Breaking the symmetry of geminates in diachrony and synchrony

  • Michela Russo
  • Shanti Ulfsbjorninn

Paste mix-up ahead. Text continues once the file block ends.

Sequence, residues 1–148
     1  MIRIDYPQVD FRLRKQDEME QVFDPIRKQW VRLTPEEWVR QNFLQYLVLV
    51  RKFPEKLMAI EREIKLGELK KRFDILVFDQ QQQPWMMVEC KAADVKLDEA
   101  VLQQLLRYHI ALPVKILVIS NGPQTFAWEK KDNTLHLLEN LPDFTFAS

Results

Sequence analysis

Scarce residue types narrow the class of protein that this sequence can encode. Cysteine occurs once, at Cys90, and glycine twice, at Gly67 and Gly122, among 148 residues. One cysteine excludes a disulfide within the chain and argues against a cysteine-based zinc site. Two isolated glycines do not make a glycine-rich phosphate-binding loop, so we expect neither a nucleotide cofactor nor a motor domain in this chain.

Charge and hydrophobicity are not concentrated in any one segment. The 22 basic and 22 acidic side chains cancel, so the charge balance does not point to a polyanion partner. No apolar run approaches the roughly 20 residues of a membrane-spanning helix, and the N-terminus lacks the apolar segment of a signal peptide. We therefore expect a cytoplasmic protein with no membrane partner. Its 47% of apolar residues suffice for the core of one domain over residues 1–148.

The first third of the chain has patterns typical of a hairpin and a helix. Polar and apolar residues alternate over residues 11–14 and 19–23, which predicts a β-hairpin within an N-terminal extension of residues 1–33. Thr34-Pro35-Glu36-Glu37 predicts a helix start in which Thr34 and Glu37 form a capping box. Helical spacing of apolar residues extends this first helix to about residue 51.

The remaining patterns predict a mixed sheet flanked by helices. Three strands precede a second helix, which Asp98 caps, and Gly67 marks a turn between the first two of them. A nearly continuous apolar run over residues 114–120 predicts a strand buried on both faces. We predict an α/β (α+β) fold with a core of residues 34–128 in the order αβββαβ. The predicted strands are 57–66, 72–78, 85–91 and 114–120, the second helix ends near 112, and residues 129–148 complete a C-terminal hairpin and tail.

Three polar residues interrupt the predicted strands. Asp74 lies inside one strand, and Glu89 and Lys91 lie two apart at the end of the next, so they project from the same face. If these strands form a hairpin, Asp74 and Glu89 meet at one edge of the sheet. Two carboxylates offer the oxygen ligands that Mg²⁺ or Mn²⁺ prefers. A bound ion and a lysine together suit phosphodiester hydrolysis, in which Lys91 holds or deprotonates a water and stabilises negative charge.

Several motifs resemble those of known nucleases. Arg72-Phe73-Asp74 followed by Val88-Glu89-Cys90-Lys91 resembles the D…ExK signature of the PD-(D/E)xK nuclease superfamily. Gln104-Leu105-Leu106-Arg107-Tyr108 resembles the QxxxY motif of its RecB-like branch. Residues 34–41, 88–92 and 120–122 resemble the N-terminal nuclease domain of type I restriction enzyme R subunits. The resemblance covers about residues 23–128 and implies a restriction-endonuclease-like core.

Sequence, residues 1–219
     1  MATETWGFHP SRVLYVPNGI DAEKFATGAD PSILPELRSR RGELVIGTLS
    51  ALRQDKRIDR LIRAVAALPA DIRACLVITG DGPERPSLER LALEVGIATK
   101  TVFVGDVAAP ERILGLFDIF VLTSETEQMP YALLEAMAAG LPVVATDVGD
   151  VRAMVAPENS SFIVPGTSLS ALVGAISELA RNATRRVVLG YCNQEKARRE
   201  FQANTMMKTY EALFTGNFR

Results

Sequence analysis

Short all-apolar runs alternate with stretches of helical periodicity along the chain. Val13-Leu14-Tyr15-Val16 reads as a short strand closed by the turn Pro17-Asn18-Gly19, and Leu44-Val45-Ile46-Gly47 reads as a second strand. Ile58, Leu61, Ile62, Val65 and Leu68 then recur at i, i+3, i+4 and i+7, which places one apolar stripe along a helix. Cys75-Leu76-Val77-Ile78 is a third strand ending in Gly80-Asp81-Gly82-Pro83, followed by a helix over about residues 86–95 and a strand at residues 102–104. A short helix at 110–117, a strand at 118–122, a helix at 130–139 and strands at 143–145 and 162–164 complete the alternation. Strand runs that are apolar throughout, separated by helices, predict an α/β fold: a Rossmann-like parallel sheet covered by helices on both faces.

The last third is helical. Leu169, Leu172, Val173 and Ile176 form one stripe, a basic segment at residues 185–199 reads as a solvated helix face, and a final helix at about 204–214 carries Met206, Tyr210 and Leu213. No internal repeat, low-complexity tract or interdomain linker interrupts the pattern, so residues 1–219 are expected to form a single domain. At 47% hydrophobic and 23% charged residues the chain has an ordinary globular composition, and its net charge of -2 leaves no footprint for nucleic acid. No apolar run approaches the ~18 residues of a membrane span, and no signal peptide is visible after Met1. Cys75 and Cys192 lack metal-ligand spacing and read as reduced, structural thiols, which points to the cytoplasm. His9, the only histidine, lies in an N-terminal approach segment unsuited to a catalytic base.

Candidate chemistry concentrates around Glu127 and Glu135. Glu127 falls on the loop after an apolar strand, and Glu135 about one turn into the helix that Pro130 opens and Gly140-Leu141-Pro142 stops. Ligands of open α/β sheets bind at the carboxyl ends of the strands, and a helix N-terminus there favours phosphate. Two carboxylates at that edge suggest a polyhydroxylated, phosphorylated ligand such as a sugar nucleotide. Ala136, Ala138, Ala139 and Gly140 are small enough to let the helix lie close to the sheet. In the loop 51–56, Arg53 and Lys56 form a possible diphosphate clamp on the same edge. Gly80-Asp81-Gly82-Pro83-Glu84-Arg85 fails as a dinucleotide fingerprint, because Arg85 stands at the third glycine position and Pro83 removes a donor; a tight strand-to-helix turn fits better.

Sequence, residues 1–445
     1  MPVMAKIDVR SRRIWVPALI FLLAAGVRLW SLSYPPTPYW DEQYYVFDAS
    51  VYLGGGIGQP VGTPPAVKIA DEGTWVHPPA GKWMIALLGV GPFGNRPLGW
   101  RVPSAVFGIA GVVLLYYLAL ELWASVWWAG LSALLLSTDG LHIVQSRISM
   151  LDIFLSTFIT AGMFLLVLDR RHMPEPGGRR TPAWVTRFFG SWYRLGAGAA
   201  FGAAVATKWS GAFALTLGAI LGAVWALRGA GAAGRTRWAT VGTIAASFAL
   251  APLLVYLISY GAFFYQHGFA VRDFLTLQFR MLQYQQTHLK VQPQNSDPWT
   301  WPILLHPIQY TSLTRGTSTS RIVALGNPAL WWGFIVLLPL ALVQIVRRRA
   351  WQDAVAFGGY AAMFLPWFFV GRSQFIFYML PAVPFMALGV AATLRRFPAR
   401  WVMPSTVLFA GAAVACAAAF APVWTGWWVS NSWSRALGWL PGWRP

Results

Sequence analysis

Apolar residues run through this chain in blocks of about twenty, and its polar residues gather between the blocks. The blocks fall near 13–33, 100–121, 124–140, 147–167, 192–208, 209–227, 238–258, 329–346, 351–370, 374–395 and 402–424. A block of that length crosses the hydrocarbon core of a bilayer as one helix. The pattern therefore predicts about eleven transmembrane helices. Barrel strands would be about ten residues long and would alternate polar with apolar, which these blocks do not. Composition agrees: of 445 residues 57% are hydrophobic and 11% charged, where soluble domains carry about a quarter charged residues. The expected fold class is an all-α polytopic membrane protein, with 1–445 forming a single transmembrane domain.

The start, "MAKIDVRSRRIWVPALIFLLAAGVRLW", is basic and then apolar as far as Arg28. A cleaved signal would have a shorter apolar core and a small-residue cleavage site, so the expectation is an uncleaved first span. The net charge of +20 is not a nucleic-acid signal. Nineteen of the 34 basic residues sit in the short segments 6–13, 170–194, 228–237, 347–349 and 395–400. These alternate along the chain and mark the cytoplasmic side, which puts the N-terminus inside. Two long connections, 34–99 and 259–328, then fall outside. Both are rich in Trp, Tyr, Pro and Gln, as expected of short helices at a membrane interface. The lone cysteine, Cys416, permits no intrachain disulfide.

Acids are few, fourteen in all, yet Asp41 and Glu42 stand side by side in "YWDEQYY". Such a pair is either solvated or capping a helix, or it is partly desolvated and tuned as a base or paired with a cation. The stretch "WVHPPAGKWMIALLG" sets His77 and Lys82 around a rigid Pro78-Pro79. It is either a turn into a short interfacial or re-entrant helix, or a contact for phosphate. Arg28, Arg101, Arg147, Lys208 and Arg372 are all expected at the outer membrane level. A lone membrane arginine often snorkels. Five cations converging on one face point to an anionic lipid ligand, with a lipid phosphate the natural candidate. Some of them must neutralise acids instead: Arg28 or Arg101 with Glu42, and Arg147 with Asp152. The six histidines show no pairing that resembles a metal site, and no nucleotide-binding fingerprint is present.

Autosegmentalism invariably represents geminates in a symmetrical one-to-many relationship — as feature bundles or root nodes attached to two structural units: x-slots, moras, or C-slots. This symmetry, however, is often not reflected in their diachronic origin. For instance, in Blevins’ (2008) Type 1 pathway, only the second C of a consonant cluster (CC) ever determines the geminate: CxCy > CyCy, *CxCx (e.g. Latin > Italian). Moreover, although most synchronic processes identify geminates as symmetrical, there is an exception: geminate integrity. Unlike CCs and long vowels (LVs), geminates never ‘break’ by epenthesis: *CyCy > CyVCy. We propose that this is central to understanding the true nature of geminates, and present analyses in two frameworks. The first is ‘control by contiguity’, which uses head-dependent ‘control chains’ (Russo 2013). A control relation applies between a specified and an unspecified position: -C. Inalterability and integrity result from the asymmetry of the geminate’s positions. The second is based on Strict CV. This restricts a geminate’s melody to one of its two skeletal positions. Unlike CC and LVs, geminates do not involve a ‘trapped’ empty V position that could host epenthesis and cause breaking; the difference between LVs and geminates follows from framework-internal forces and suggests that melodic branching always requires licensing. These two approaches share the insight that the representation of geminates is not symmetrical, like that of long vowels.